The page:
North Korea Sends Remains Of 55 Americans Killed In The Korean War Home [VIDEO]

North Korea Sends Remains Of 55 Americans Killed In The Korean War Home [VIDEO]

North Korea Sends Remains Of 55 Americans Killed In The Korean War Home [VIDEO]

One of the key stipulations that President Trump brought to the U.S. North Korea summit in Singapore was the repatriation of our American soldiers killing in action during the Korean War. Today, 55 Americans are on their way home.

A U.S. Air Force plane carrying what are thought to be the remains of 55 Americans killed during the Korean War arrived at Osan Air Base in South Korea on Friday morning, the 65th anniversary of the armistice that ended the fighting.

The U.S. Air Force C-17 aircraft departed for the Kalma Airport in the North Korean city of Wonsan before 6 a.m. Friday. It returned about 11 a.m. local time, where it was greeted by a crowd of several thousand U.S. service members and their families — all American service members in South Korea had been invited to the event.

When was the U.S. North Korea Summit in Singapore? June 2018. Not even two months ago. Yet the WaPo claims that what is happening today is happening more slowly than anyone thought. Really? To deal with the diplomatic paperwork dance plus ensure that those who come home are Americans… this isn’t instant DNA verification a la Star Trek so the WaPo can shut up about the “delay.”

Just to see the American flags waving and our U.S. soldiers lined up to start our soldiers on their journey home is a sight worthy of goosebumps.

When you look at the ceremony in full …chills down the spine.

At the moment, we don’t know who each of those soldiers are. Once they arrive at Dover, they will undergo extensive DNA testing in order to determine who they are. Here is just one of the many families who hopes that among those coming home is one of their own.

Families of the fallen are just amazed at this.

However, the fact is, for many it’s a long shot that one of those who come home on this trip is a loved one.

The date of this is incredibly significant.

The repatriation was agreed at the June summit between US President Donald Trump and North Korea’s Kim Jong-un.

It comes on the 65th anniversary of the signing of the armistice that ended the 1950-1953 Korean War.


More than 326,000 Americans fought alongside soldiers from South Korea and a UN coalition during the Korean War from 1950-53 to support the South against the Communist North. The missing US soldiers are among around 33,000 coalition troops still unaccounted for.

Furthermore, this is an incredibly positive note after years of futile effort by the families of the fallen along with the U.S. government. The remains of the soldiers come from the following areas in North Korea:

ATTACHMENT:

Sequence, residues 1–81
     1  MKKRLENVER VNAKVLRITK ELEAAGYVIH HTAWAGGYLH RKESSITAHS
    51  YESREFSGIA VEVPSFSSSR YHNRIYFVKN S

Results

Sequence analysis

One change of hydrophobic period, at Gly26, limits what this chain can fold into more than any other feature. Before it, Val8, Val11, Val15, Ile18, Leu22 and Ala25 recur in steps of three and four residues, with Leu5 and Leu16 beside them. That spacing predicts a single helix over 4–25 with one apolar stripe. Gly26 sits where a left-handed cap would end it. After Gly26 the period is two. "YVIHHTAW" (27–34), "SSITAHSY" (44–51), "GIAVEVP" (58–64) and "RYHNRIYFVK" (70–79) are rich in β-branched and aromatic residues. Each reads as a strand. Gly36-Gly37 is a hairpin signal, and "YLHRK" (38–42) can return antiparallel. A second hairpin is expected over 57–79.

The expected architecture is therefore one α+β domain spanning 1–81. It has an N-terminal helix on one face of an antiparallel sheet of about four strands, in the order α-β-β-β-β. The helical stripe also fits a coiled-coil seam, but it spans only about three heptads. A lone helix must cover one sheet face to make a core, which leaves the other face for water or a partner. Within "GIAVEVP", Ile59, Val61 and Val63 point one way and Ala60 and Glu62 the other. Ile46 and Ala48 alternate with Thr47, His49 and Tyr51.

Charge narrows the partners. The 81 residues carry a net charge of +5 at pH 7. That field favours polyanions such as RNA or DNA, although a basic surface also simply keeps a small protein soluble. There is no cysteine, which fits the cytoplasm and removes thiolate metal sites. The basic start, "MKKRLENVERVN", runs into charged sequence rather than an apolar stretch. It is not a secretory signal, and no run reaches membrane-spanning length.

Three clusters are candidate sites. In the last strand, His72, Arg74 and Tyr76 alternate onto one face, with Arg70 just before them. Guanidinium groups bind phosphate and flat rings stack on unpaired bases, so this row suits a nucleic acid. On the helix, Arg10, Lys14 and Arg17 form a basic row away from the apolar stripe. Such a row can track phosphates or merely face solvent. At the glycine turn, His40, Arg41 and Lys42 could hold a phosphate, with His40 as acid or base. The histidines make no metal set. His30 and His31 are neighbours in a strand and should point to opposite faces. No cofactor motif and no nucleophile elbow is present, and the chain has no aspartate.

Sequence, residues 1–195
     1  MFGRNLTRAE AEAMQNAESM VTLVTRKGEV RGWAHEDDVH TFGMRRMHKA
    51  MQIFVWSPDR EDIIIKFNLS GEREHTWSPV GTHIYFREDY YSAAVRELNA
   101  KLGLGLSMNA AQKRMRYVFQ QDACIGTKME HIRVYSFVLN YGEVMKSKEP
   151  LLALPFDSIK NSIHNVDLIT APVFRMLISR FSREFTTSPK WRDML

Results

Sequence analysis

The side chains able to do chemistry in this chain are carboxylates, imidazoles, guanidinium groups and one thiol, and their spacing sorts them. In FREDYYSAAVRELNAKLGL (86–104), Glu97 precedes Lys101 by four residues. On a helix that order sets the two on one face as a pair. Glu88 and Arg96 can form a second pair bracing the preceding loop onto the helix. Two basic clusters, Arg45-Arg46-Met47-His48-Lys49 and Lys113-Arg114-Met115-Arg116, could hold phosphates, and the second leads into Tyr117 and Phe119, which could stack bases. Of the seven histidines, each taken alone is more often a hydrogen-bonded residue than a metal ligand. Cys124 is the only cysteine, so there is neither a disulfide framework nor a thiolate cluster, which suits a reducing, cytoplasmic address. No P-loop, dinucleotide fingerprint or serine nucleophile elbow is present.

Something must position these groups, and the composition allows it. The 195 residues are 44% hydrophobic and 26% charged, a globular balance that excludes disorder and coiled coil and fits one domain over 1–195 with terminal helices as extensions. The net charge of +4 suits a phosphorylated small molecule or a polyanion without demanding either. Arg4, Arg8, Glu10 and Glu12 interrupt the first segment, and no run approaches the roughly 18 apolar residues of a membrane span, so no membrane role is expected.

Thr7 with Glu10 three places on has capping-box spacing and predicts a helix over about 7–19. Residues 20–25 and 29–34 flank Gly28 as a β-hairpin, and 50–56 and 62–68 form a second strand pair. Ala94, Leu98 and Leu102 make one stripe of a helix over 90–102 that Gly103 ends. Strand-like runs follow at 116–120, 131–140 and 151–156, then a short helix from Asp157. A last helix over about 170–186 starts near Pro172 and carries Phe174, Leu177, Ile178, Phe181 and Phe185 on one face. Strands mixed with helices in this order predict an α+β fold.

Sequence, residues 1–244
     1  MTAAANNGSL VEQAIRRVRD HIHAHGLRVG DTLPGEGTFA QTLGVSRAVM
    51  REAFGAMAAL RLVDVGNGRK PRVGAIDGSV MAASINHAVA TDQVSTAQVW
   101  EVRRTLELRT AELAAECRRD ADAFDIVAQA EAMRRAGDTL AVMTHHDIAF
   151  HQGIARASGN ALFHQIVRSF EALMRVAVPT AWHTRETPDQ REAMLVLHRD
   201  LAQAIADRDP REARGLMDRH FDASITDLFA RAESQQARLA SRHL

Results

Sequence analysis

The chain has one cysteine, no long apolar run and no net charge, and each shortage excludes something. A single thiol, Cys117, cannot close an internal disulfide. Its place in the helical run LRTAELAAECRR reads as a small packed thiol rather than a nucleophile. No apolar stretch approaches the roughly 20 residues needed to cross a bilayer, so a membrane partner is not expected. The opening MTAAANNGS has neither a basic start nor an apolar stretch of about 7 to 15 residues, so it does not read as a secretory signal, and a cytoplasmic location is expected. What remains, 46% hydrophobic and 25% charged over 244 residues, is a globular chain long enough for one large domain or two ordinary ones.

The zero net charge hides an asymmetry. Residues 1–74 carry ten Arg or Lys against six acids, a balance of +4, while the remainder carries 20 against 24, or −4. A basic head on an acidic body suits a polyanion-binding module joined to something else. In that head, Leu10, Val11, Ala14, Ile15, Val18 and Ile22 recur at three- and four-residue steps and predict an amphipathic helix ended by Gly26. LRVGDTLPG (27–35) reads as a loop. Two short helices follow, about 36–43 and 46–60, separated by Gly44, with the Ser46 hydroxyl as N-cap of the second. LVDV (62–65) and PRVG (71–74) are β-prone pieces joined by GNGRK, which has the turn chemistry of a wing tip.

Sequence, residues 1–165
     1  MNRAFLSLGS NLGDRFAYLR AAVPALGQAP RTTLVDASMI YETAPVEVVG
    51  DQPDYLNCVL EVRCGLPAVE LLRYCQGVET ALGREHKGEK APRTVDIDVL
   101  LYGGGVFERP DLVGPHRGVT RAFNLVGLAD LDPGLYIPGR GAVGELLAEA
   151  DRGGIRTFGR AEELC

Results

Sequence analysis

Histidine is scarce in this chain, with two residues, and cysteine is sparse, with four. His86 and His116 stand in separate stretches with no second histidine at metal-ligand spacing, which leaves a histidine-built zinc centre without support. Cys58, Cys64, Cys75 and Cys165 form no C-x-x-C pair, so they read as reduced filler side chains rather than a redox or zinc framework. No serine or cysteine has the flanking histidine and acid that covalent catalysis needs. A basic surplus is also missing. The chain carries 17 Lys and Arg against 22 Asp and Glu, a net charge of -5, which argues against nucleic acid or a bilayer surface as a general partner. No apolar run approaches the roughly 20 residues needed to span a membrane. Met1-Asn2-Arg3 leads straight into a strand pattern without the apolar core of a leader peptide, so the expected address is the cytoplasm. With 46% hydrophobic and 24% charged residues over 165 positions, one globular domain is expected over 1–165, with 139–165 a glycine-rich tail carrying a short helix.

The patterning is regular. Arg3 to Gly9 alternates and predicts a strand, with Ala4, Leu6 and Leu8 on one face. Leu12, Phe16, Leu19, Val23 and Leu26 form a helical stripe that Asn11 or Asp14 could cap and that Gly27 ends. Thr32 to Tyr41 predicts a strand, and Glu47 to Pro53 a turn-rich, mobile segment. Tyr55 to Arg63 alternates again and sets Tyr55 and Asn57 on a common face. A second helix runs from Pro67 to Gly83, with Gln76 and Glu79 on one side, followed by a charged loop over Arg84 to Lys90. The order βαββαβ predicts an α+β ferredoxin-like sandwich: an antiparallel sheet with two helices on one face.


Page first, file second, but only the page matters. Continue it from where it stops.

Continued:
• prisoner of war camps – many perished during the winter of 1950
  • the sites of major battles, such as the areas around Unsan and Chongchon in the north-west of the country – said to contain approximately 1,600 dead
  • temporary UN military cemeteries – China and North Korea returned about 3,000 dead Americans in an effort called Operation Glory in 1954, but others remain
  • the demilitarised zone that separates North and South Korea – said to contain 1,000 bodies

The Korean War came to a close 65 years ago for many.

But for the families of those left behind, closure never happened. Today, as a result of the agreement between President Trump and North Korea in June, there are 55 American soldiers on their way home.

Thank you for your service and Welcome Home.

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  • Skid Marx says:

    Could we get the USS Pueblo back as well? It has been 40 years since the Norks “captured” it for operating within their waters when the ship was outside of their territorial waters by several miles. Maybe Lil’ Kim likes to pair it with the submarine the Russians declared obsolete in 1961.

  • Skid Marx says:

    *Error Alert* Whoops…it has been 50 years and not 40 since the Pueblo was taken by force.

  • Ken says:

    Most if not all repatriated US POW interviews were recently declassified and those records are in the National Archives. Most of the interrogations , beatings were done by the Chinese. Don’t forget about those Army troops who held the door oper for the Marines at frozen Chosen…
    The above vignette was related to me by a good friend. My Korean expertise, knowledge is limited……..

  • K. S. says:

    In your cover photo of the two men, my grandfather is the second man. Shortly after this photo was taken the man in front was shot and killed. When the photographers flash went off, my grandfather thought he had been shot because the flash caught him off guard.
    He made it home and lived a long life with a big family. We are all so proud of him.
    I think it means something to know who these people are.

    • Nina Bookout says:

      K.S, what a great story. If your grandfather was anything like most of the soldiers I know, I’d imagine he would’ve thought or bluntly said a few pithy words to that darned photographer!

      We really appreciate you giving us the background on the cover photo, and we greatly appreciate your grandfather and his service to our country.

      Thank you!

  • James says:

    The first marine was my father he was shot two times in Korea he lived and made it home station in camp lejune .where I was born 1956 he retire right before vietnam he had 6 children.he was highly decorated marine.i was a Vietnam era vet in the same unit me dad was 3 Rd battion 5 th marines my commanding officer fought with my dad in Korea

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